The Rodnik Band has come a long way from 2003, when it was two blokes selling scarves made from Russian goats hair. Today, the brand is a boisterous multi-disciplinary art project, joyously helmed by one of its original co-founders, philosophy graduate Philip Colbert. From gorilla fashion shows to Duchamp-inspired urinal dresses, punk-pop infuses everything Colbert does, appealing to the likes of Cara Delevingne, Anna Della Russo and Rita Ora, who commissioned Colbert to design costumes for her 2013 world tour, along the way. Collaborations are the label’s backbone:; Colbert has designed capsule collections with Snoopy including a Rolex Datejust watch, a Smart Car and dresses for Absolut’s ‘Andy Warhol Limited Edition’ bottle. Most recently, Colbert teamed up with online retailer made.com to launch Rodnik pop art furniture including the infamous ‘shark’ chair.
Bel: Liquorice allsorts, fried eggs, lobsters: how do you pick your motifs?
Philip: I’m interested in Duchamps because he’s a forefather of conceptual art, in terms of throwing a spanner into our concepts of what art is. I like taking that philosophy into the brand so I find symbols I can abstract and communicate. Symbols can be visually simple but also satirical. Our Liquorice Allsorts print looks like an abstract composition with an aesthetic value of its own – but Liquorice Allsorts are also an everyday sweet. I like that high low mix. And, for me, humour has always got to be there. That’s the way of shaking the cage …
Bel: You started within the traditional fashion cycle and then you opted out …
Phillip: Fashion is a hamster wheel. I’ve been in it for a while now and I’ve seen the ups and the downs. You see these kids, they believe in the dream. They exhaust themselves for six years, putting on shows, and then they’re pushed out. To make it in fashion, you have to produce big volumes – and then you need all these infrastructures in place. You can’t survive a downturn. Young brands struggle because the fundamental business is so difficult. Beyond the initial magic of creating that hype, it ceases to be that creative after a while.
Bel: I spoke to one design team who said they spend most of their time running the business …
Phillip: That’s’s production. It’s ridiculous. If fine artists had similar mechanics, they’d be destroyed.
Bel: How do you make business work?
Phillip: I’ll make exclusive collections for particular retailers. Stores like Colette and Dover Street like one-offs at any time so I think of that as an image-based, not-for-money activity as volumes are too small. The real business are the collaborations, like the furniture range which is a licensing contrast so I get royalties. The furniture has been an amazing development because it’s shown how the brand can translate. It’s a business that keeps building – without the cash flow problems. We’re developing a lot of these projects because it’s a great way to keep growing but keep the focus on design. Since I changed to that model, we’ve become way more profitable and more efficient.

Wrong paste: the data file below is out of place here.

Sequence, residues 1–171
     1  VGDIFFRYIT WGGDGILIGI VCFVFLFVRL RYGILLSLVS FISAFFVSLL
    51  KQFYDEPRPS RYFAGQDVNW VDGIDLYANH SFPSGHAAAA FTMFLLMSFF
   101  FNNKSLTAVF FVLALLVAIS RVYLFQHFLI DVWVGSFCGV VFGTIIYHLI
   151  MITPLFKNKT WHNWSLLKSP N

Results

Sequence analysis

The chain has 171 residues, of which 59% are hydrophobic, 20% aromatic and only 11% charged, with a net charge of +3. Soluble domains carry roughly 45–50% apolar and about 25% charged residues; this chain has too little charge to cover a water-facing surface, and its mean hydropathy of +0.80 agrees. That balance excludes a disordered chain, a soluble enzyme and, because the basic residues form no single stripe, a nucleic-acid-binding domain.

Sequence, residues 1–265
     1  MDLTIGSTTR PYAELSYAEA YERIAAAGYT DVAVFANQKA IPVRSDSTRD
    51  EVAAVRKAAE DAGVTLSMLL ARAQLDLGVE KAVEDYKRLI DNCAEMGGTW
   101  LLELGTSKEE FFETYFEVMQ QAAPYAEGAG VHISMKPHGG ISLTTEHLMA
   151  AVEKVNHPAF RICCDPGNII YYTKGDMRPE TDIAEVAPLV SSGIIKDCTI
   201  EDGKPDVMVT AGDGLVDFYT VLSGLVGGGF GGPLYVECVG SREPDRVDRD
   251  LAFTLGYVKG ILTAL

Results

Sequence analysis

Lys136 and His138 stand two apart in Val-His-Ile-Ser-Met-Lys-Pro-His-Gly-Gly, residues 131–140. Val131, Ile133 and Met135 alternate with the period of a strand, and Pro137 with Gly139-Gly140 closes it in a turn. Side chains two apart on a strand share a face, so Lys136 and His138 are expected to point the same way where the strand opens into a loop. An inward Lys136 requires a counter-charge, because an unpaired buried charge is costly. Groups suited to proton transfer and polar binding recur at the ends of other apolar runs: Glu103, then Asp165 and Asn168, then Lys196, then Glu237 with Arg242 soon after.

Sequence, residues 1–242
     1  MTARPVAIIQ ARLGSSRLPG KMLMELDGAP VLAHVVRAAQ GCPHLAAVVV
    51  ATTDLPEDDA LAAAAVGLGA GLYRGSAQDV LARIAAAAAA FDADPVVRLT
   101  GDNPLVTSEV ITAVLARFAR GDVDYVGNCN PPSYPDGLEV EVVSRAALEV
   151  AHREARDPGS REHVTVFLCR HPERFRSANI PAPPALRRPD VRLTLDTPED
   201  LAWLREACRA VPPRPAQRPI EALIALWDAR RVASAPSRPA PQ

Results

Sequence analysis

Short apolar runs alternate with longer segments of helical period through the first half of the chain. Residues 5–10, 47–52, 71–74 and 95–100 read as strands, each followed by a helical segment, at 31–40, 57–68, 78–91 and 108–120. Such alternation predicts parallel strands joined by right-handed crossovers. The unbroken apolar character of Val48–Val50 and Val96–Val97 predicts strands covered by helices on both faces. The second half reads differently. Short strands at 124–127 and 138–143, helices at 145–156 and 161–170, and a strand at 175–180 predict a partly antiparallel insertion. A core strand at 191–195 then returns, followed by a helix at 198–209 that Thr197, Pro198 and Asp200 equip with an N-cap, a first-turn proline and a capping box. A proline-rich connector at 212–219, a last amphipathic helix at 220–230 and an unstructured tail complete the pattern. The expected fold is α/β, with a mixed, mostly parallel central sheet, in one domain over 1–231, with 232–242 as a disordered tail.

Bel: How do the collaborations come about?
Philip: Snoopy approached me because they’d seen my humorous stuff. Because they’re a licensing business, they’re always looking for re-positioning and creative direction with their assets. The range has sold really well. It’s still selling, in Colette and Dover Street Market, Urban Outfitters. Beano came to us through Snoopy. Beano is great because it’s very British and very irreverent. I like that spirit of putting a finger up to the establishment.
Bel: The Rodnik Band is an actual band. What part does the music play?
Phillip: I wanted to present the clothes in a different way and I wanted to make a sound to go with the aesthetic. Kate Nash performed her Rodnik Snoopy song at the launch at Selfridges. I’m not musical at all. It’s partly the punk sensibility of doing something purely for the concept.
Bel: You’ve had some interesting launches.
Phillip: We had a lot of fun with Absolut. We got the band together and had a week in Vienna pretending to be this band. The Smart Car launch was very funny. We drove the car onto the runway during the band performance. I was driving and I had terrible images of ploughing into the front row.
Bel: Snoopy, Peanuts, Warhol – you work with a lot of popular icons …
Phillip: For me, the icon is an amazing way of reaching more people. An icon can grab someone walking down a street. And I like the idea of fusing those graphics in the context of fashion.
Bel: The Rodnik Band is turning into a lifestyle brand.
Phillip: If you look at brands like Ralph Lauren, the genius isn’t one polo shirt. It’s tapping into a lifestyle concept; once you establish a lifestyle concept, the brand is very powerful. I’d like to create my own pop art world. Projects like the Smart Car, the furniture, the clothes and the art work can create a world of craziness.
Bel: What part does fashion represent?
Philip: Fashion is absurd when it takes itself too seriously but it can be a way of revolting against convention. Originally, I had this view that fashion was fickle and shallow and that, to be wise, you had to avoid fashion. I didn’t appreciate the value of the aesthetic. Then, when I used to live on Golborne Road, there was an amazing guy from Africa who would dress in different colours. He looked like a Rothko painting, because he was so coordinated. It was all these amazing colour blocks and he put it together in such a way and I realised every time I saw this guy, he was like a ray of sunshine. The value of self-expression and using one’s appearance to play on perceptions is such a powerful tool. Clothing is an amazing vehicle for that: the way you create responses to things. The penny dropped in that department. That’s escapism. That’s bringing art into everyday life.